Richard Smith: Kites (on display at the Edge)
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Richard Smith was one of the most innovative and celebrated painters in Britain in the 1960s and 1970s. Seen as the father of Pop Art, a mentor to numerous artists including David Hockney, he repeatedly sought to reinvent the language of painting. This exhibition is timed to coincide with the publication of the first major book on the artist: Richard Smith: Artworks 1954–2013, published by the Estate of Francis Bacon Publishing in association with Thames & Hudson
Smith’s most innovative and ambitious paintings were initially made locally in the 1970s at his studio in the village of East Tytherton, near Chippenham. With these, Smith released the canvas from its stretcher to make loose, unframed works that he dubbed Kites. The most dynamic of these were removed from the wall, hanging instead from the ceiling above viewers’ heads. One of these¸ The Shuttle, was first shown at Smith’s major retrospective exhibition at the Tate Gallery in 1975. Hanging 7 metres high and 9 metres long, it must be one of the largest paintings ever made in the UK. We are excited to be presenting this major work to UK audiences for the first time since that important occasion.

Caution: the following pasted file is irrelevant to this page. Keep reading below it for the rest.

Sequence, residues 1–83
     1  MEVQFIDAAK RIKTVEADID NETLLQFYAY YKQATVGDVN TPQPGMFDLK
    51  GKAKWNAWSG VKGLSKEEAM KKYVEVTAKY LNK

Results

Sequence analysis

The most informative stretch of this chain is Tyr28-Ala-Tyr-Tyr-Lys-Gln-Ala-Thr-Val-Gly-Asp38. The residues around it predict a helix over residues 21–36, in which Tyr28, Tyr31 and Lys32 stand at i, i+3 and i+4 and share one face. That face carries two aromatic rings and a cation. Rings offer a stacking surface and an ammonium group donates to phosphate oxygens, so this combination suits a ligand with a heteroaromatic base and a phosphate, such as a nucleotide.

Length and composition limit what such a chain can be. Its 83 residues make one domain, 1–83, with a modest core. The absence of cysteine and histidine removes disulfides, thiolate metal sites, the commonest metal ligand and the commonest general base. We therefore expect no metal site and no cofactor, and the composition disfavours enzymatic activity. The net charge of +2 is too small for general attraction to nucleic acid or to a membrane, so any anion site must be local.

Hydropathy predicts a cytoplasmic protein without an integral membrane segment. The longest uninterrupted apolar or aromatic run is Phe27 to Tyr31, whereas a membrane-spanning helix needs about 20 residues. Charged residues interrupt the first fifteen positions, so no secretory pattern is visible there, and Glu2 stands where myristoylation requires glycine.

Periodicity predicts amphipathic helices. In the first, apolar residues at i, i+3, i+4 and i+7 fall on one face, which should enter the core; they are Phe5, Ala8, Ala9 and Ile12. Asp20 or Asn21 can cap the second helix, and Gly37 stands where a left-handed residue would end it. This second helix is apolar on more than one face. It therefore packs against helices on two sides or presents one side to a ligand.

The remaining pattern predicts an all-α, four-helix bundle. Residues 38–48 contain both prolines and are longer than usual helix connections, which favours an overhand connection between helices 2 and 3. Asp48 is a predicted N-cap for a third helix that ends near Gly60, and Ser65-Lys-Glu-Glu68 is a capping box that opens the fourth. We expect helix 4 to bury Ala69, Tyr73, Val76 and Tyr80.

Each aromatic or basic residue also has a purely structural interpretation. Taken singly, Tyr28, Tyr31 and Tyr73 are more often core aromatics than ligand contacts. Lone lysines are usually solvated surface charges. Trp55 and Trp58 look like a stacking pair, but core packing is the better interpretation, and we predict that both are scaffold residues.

The Edge is open from 11am to 4pm Wednesday to Saturday, admission is free.
Don’t miss Richard Smith: Intersections at Flowers Gallery from 16 November.
With the support of:
Image: Richard Smith The Shuttle, 1975, courtesy Flowers Gallery